Conversely, I did buy a Land Rover Discovery having done the launch commercial, as it was the right car for where we live and we've owned three so far. I didn't get a penny off the purchase of any of them, even though the job could have killed me, twice at least, yet the agency bods who turned up to watch us toil in the deep snow every day probably were given one apiece. Finding Antarctica in New Zealand was without doubt the best assignment ever. Hiring aircraft to fly round the Southern Alps; then transferring to helicopters to land on glaciers and snowfields; this was almost the best holiday I could never afford, except that it was also highly pressurised and crucial work – safety-critical too, as sliding uncontrollably down an icefield proved at one later stage. I vetoed that location!
The shoot itself was complex in every respect despite having a top-notch meticulous director in Martin Campbell and a fabulous New Zealand crew. The high snow-line that year meant we could use no skidoos for normal access, so the moving for more than a few yards of every single item whether personnel, equipment, props or catering had to be in or slung from a helicopter. Even Discoverys and a complete wooden building were moved in this precarious way. Once any lifeline helicopter had disappeared from our view, radios did not work and again it was an era before mobile phones so planning ahead was even more essential than usual. The line formation of helicopter lights coming off the mountain after nightfall on the first day had the feel of Vietnam. It was also highly illegal as night flight into Queenstown Airport, ringed by high peaks, was not permitted: we wrapped earlier thereafter.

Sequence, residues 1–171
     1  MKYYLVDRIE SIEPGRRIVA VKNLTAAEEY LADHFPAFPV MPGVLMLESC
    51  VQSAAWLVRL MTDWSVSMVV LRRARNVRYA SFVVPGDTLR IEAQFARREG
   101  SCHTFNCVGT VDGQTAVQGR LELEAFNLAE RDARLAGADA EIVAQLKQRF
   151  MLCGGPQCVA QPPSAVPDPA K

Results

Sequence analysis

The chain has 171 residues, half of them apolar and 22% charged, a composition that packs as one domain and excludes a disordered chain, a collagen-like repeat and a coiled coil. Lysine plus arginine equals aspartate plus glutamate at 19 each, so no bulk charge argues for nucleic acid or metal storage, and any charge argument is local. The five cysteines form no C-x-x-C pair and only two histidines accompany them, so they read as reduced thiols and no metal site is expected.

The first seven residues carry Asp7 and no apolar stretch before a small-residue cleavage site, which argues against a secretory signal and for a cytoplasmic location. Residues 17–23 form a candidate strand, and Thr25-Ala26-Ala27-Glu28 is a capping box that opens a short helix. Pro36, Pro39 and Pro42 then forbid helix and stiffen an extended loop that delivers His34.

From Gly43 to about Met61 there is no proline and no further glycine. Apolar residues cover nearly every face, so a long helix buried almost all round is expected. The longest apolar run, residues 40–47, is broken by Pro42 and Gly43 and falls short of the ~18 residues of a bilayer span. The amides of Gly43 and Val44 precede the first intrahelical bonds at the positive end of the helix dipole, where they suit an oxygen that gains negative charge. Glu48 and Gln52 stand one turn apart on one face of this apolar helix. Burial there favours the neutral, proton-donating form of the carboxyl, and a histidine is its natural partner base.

More Boys' Own adventure ensued on a Land Rover Discovery follow-up ad with Ian Sharp in Mexico. Again the recce was undoubtedly the best part, although several of us could easily have drowned in a flash flood minutes after landing at Tijuana Airport. Had we not been forced by chance to accept a taller minibus instead of the two hire saloons we had pre-ordered we almost certainly would have stalled, been trapped and swept into an underground storm drain along with much of a shanty town built on hills beside the highway.
Finding the ideal off-road locations in a jagged and confusing desert 80 miles south of Mexicali was relatively easy by helicopter, but finding a route to get the pristine Discoverys undamaged to the sites chosen was something different. Such tracks as existed frequently ended in unexpected cliff edges, where other flash floods had rearranged the terrain. We pioneered the route with hire 4x4s, which we were obliged to import illegally from the US. The helicopter spotted routes for us, which mostly involved using rocky dry river beds, and we were careful to build cairns to allow us to find our way back to civilisation through the maze, and so not need help or rescue.